house iu the West Indies, connected
with Richgorough. News was heard of
him but rarely; but at the end ot the two
years tidings came. Bad tidings, worse
than had ever come before. He had died
of yellow fever.
Close upon that, Annabella Lawrence
gave her hand to her cousin. Her ill-star
red passion, already nearly dead, dead of
its very hoplessness, was now thrust away
from her heart forever. She entered upon
her reign, as queen* of society, heartless,
callous, self-indulgent—but so she always
But what of Dora Stevens ? She was
more isolated in her uew home than she
had been at Mrs. Calloway’s; but she quiet-
did ber duty in it. Her heart uncou-
ciously remained true to its first love. She
did not hope; that would bo saying too
much; but she did believe that all must bo
at au end between Dean and Miss Lawreuce
—else why had he uot come home to claim
her? But oue day, upon taking up the
Richborough Gazette, she read in it the
death of Dean Hastiugs, of yellow fever—
Until then she had not realized how
great a part in her heart’s life ho had tilled.
Folding her hands, she wept lonely and bit
“When the sun sets.” Can you picture
that solitary girl's figure standing iu the
sunset that same evening, herhaud shading
her eyes, and gazing out over the sea in
imagination towards the spot where her
once fond lover lay iu au alien grave.
Look at her. The sunlight rests on tlie
hill-tops behind, but sho stands in shad
“I loved him,” she cries iu passionate
remembrance. “I loved him; and—I—be
lieve he once loved me. I love him still.
Did he die thinking I was false to him ?
Oh, can there be anything iu life or death
more cruel than that!”
Her hands are lifted to her brow, as if to
press down its throbbing. The pain there
seems more than she can bear.
“Do you think he knows now !” sho goes
on, fitting ber aching eyes as if iu imaginary
appeal to the gold aud amethyst clouds
left by the sunset. “Are all things made
plain in that other world?—are all the
cruel mysteries that perplex us here, the
misunderstandings aud the sorrows made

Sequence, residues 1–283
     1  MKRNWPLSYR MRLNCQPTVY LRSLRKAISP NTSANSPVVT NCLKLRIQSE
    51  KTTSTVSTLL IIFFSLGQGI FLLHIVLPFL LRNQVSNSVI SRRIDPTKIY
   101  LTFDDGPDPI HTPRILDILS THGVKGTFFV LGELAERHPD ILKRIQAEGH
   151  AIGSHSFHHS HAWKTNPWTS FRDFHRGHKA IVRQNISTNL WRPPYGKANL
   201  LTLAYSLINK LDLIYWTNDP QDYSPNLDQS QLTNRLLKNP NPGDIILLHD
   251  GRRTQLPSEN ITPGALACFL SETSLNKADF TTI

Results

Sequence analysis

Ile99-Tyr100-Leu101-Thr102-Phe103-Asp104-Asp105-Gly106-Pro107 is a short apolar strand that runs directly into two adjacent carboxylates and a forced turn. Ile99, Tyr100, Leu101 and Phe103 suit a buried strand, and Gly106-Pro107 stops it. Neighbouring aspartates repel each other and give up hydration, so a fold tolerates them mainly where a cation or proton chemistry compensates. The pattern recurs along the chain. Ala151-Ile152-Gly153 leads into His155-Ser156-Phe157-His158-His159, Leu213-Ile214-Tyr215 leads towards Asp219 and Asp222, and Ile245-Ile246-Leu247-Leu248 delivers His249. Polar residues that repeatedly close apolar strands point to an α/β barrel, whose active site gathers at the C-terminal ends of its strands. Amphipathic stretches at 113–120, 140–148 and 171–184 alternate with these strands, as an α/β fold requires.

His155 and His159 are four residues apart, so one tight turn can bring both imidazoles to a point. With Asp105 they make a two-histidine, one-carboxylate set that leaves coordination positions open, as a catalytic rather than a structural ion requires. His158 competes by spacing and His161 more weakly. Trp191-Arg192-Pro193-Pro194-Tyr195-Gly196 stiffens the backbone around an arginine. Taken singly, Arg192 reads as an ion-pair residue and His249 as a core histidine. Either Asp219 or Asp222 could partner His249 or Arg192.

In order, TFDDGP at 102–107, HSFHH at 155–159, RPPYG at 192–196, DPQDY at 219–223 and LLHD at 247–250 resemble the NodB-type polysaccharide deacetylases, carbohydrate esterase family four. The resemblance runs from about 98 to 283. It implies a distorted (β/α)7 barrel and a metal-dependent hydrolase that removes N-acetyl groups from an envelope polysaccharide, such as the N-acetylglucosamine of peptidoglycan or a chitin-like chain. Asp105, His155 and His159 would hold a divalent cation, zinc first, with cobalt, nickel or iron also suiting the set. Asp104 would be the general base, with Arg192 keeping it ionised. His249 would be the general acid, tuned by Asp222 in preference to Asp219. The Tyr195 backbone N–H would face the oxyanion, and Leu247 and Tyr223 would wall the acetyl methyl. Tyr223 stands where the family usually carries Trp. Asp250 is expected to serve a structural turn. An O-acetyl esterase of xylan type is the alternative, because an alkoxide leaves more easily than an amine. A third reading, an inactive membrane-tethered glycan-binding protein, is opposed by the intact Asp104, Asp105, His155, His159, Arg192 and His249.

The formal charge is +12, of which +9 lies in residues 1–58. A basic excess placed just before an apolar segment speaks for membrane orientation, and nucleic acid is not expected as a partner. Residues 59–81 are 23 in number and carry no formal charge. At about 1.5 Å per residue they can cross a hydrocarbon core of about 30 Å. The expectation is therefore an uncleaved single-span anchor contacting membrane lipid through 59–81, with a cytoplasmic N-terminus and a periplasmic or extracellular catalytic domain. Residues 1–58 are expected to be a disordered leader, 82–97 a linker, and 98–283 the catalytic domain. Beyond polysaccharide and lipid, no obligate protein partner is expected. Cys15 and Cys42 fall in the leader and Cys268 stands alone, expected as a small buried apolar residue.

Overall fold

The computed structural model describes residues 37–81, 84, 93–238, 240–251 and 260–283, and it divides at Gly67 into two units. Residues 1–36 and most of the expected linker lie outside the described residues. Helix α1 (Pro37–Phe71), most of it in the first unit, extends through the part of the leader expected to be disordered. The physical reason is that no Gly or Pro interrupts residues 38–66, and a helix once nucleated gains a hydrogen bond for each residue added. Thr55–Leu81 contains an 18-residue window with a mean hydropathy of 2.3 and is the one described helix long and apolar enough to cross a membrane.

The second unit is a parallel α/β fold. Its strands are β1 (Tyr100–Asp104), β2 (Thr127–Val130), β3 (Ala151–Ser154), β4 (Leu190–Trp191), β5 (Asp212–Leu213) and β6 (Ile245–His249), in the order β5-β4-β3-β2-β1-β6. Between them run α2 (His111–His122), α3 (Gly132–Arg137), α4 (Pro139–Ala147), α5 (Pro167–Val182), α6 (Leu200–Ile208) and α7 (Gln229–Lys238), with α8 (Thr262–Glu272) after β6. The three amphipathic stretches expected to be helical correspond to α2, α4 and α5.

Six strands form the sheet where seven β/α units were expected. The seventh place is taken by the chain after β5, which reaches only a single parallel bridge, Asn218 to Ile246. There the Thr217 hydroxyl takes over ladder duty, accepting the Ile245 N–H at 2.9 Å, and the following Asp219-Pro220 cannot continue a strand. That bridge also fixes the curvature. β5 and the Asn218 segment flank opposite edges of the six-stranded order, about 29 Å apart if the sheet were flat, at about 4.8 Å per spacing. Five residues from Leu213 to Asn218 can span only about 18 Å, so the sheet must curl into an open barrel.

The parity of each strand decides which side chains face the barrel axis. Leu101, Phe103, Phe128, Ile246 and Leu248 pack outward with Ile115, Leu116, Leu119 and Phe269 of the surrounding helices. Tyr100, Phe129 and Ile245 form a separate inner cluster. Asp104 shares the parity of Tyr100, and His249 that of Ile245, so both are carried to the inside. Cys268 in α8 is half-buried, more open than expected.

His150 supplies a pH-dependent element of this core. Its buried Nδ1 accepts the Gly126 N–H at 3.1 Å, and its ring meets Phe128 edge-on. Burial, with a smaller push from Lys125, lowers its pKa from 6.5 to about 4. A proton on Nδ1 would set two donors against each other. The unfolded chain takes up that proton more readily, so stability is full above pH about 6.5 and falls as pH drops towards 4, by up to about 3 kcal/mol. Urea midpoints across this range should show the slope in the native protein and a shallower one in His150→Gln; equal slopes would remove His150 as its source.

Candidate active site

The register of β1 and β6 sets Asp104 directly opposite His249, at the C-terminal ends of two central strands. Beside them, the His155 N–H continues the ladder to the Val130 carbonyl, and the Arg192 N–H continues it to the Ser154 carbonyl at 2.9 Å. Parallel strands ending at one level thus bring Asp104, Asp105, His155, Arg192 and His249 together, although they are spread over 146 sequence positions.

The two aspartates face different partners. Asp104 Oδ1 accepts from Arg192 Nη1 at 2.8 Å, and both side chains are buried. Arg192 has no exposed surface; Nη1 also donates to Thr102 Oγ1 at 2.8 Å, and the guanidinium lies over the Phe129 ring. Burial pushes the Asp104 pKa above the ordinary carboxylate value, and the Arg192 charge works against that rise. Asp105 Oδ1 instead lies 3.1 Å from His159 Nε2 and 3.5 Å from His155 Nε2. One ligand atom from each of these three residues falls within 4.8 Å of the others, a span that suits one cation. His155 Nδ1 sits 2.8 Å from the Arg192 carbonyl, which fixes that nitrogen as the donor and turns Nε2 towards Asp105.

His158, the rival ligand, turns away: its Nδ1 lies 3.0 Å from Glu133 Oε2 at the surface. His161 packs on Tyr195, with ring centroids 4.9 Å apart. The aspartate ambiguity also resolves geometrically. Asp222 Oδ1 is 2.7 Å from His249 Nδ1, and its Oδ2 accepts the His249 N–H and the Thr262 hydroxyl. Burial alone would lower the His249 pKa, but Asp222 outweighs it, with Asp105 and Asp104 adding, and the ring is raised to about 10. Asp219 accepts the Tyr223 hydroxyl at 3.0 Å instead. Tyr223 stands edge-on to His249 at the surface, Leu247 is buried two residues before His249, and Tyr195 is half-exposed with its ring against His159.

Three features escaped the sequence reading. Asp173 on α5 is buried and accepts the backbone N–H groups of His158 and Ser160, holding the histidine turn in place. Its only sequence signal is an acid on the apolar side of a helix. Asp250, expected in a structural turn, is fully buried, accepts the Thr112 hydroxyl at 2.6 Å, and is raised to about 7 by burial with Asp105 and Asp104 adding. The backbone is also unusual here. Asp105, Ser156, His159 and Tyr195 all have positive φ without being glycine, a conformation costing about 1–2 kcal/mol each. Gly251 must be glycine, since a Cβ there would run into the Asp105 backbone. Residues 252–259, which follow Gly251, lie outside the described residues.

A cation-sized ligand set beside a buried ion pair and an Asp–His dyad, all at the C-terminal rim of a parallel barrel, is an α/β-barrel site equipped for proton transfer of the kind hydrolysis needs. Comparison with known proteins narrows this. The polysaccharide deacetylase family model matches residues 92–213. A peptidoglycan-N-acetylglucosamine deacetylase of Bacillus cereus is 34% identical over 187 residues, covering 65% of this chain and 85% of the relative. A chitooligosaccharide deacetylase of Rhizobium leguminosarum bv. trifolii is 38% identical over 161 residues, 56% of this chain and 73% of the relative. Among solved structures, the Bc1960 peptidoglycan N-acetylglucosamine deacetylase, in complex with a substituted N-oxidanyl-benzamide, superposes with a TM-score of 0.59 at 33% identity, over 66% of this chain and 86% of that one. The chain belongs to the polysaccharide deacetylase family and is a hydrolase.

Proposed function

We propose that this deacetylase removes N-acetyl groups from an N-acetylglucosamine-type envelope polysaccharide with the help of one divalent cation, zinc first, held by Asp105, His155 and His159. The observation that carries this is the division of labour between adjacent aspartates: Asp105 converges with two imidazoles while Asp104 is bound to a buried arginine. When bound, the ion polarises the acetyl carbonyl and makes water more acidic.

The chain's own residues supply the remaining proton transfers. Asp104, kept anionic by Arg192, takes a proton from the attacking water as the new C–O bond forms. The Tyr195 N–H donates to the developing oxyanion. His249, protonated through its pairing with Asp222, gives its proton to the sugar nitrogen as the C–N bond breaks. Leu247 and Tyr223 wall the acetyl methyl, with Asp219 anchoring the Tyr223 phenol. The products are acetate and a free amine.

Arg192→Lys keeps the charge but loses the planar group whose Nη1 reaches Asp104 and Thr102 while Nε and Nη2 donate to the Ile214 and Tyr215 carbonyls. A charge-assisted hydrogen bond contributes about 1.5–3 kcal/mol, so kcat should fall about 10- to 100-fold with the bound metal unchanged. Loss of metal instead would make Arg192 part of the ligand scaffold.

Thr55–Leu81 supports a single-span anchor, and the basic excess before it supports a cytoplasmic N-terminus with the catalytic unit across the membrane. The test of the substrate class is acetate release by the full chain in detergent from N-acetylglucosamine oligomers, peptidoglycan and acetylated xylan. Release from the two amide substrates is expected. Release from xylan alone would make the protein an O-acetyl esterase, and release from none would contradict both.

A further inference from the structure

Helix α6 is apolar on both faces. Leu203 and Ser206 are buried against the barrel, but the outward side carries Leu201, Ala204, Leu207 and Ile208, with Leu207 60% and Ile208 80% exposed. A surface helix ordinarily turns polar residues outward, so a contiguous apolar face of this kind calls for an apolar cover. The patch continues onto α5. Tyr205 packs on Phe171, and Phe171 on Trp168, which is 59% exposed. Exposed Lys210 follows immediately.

plain at last ?”
Some three weeks, it might have been,
after this, that Dora received a small, del
icately-papered packet. It contained wed
ding cake and cards; Mr. aud Mrs. Richard
“She has lost no time,” mused Dora that
same evening, when, her duties over for
the day, she stoed in her favorite spot
beyond the laurels, under the sunset. “No
time if she was waiting lor him. Oh, I
wonder how it all was ? Did he love her!
—But, why ask it!—to what end now ?
She is here, beginning her wedded fife;
and he—lies there.”
It appeared, however, if she spoke of
Dean Hastings (as she undoubtedly did),
that he did uot fie there, lie was at her
eloow. His footsteps fell softly over the
grass, and she did not ’see or hear him
until he came around the laurels.
‘I beg your pardon, Miss Steveus. I
took the liberty of calling at the house to
ask for you, aud an old servant told me
you had come out here.”
She did not faint; but she did scream.
Yes, it was Dean Hastings, looking ill aud
“Is ityourself ?” shegasped. “We thought
you were dead.”
“But I did not die, Dorothy. I was given
over in the yellow fever; and somehow
or other my death got reported here, I find.’
“ And what have you come over for T”
she asked, all in a tremble of confusion.
“ Various odds and ends of matters. To
get up my strength, for one thing; and to
settle down at Richborough, tor I am not
going back ; and to marry you, if you will
“ I have heard a word or two dropped
from one and another at Richborough,
Dorothy, for it is there that I have stayed
since I landed; and I begin to think that
you and I had some false friends. You
are not yet Mrs. Charles Calloway — 1 "
“ Oh 1” put in Dorothy.
“ Stay a bit, my dear. And I am not
yet the husband of Miss Lawrence. She
has taken another, by the way. So—do
you see any reason why wj should not
take one another! No impediment exists
now, my darling; I am in a good position;
a partner of tlie house lam in ; and can
set up our tent well. Dora, what do you
say! Yon know, at least you ought to
know, that I never would have marriod
anyone but you”
What did she say! Nothing. She yiaD
ded herself to the arms held out to her,
and bent her face down on the true hearted*
sheltering breast, happy sobs; joyful tears,
bedewing it Ob, how merciful was God!
The sun went down behind the bill in a
blaze ot glory. Its last lingering rays Of
crimson and purple fell upon them as they
thejstood together in happiness.